• If the motor moves both ways with these tests, it confirms that both the transformer and motor are OK. This makes it almost certain that the problem is in the hand control; you can check out the switch and/or the hand control wiring using the steps farther down in this section.

c) Still harder to do, but the most accurate:

These steps involve a good deal of work with electrical test equipment to check the various components of the electrical system. These tests isolate each component to see if they pass or fail; following these steps closely, you should be fairly certain (or, as certain as you can be in lift chair repair..) to isolate the problem with the chair:

As mentioned above, there are two styles of Dewert transformers; older model Dewert systems like the MB1 have what we call an “internal” transformer (the transformer is mounted on the motor assembly under the chair).  Newer model chairs have an “external” transformer (the transformer sits behind the chair with a power cord connecting the transformer to the hand control and motor).  To find which one you have, simply follow the power cord from the wall – whatever the cord is attached to is the transformer…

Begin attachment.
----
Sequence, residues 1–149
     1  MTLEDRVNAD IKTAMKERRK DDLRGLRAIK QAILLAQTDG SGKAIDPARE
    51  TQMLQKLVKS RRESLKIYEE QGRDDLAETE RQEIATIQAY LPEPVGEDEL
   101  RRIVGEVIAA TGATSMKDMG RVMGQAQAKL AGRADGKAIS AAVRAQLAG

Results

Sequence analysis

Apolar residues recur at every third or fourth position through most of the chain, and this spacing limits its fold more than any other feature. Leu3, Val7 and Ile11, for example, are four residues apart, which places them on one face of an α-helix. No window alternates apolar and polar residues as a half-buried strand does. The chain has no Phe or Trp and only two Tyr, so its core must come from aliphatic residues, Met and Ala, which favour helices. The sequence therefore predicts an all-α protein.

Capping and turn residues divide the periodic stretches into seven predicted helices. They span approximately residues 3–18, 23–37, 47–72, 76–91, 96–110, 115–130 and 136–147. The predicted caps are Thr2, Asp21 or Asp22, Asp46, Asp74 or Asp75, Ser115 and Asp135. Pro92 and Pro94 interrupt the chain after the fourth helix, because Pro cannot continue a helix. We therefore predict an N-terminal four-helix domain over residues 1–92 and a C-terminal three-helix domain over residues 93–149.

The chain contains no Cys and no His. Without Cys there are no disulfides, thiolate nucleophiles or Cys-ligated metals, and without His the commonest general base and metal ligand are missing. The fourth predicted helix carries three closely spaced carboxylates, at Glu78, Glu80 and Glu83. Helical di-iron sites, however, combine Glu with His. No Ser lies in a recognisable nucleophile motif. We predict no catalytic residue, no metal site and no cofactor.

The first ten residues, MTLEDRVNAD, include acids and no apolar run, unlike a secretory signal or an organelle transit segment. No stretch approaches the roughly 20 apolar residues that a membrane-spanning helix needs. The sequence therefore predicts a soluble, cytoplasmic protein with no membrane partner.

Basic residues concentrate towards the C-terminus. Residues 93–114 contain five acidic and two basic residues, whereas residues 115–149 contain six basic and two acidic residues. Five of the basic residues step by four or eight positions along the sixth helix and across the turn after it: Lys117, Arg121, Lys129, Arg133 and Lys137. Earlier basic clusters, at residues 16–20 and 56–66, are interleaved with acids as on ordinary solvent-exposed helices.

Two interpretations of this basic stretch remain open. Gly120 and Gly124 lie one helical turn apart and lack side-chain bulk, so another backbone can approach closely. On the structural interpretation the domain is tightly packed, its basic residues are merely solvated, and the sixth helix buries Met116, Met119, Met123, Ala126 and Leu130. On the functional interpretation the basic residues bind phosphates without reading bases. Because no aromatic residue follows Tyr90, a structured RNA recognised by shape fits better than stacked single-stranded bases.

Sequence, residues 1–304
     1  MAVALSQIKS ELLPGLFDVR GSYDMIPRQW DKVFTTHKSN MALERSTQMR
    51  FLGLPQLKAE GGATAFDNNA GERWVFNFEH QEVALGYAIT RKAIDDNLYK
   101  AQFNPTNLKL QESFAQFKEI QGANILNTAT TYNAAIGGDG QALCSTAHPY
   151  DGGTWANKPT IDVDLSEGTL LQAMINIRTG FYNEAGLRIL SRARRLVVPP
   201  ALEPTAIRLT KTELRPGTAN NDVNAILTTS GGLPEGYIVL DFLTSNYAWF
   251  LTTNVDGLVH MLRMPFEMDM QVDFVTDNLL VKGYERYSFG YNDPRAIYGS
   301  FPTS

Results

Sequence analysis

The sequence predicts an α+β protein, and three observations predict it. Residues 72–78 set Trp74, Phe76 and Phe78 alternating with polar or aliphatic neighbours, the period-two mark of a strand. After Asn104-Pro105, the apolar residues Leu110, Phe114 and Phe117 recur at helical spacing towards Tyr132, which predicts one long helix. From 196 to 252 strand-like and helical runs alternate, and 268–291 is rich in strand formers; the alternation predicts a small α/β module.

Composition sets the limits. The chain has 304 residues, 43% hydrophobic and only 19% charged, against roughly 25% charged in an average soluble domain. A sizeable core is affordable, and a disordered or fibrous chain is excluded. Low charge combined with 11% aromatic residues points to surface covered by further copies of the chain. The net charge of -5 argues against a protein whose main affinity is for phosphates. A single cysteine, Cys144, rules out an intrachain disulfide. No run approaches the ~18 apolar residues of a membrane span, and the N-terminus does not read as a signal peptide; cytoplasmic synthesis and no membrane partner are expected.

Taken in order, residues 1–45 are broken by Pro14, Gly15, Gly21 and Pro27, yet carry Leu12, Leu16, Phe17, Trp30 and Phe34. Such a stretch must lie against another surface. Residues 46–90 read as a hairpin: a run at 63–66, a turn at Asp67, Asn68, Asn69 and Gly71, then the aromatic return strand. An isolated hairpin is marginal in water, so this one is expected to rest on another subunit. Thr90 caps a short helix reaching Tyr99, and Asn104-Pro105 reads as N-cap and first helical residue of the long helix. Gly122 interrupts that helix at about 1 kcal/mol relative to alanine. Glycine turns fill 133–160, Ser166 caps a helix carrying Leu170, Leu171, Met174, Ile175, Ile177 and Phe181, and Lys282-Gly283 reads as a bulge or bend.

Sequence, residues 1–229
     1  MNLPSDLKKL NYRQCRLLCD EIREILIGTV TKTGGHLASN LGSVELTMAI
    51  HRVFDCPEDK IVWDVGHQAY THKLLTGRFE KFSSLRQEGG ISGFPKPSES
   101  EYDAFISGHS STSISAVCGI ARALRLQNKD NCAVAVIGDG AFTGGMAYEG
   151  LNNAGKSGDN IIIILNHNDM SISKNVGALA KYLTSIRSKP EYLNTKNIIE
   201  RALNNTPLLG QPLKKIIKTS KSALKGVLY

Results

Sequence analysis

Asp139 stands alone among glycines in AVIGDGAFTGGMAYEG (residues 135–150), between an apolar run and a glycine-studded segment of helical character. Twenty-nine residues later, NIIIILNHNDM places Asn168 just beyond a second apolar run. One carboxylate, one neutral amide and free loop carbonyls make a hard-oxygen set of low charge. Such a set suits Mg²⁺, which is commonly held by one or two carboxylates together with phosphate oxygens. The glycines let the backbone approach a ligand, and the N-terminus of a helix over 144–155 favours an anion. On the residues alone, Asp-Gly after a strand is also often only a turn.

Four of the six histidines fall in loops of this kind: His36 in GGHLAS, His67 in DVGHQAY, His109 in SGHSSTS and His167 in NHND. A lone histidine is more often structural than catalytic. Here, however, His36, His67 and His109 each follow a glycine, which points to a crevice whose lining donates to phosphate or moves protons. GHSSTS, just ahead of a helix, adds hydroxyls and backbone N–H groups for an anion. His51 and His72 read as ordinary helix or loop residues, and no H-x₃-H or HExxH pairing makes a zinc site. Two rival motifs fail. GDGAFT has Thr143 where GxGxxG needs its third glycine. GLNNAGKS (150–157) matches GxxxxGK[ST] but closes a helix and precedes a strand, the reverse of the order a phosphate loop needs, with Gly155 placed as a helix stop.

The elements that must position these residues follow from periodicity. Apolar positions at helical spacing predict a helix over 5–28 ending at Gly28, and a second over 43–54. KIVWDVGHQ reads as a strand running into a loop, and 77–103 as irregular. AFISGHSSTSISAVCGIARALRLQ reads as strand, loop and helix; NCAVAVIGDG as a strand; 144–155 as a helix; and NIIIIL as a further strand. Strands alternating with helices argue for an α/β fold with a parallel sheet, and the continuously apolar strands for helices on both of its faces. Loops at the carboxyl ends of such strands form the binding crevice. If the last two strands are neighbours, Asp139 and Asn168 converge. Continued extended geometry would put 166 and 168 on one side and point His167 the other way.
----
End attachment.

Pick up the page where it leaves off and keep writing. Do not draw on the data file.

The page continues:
Check the Transformer:

  • Internal (MB1) Transformer System mounted to the motor): Turn the chair on its side and find the connections on the transformer that’s strapped to the motor.
  • Unplug the hand control from the control box.
  • Plug the chair into the wall, if not already done (the Dewert motor is a low volt system, greatly minimizing the danger of electrical shock).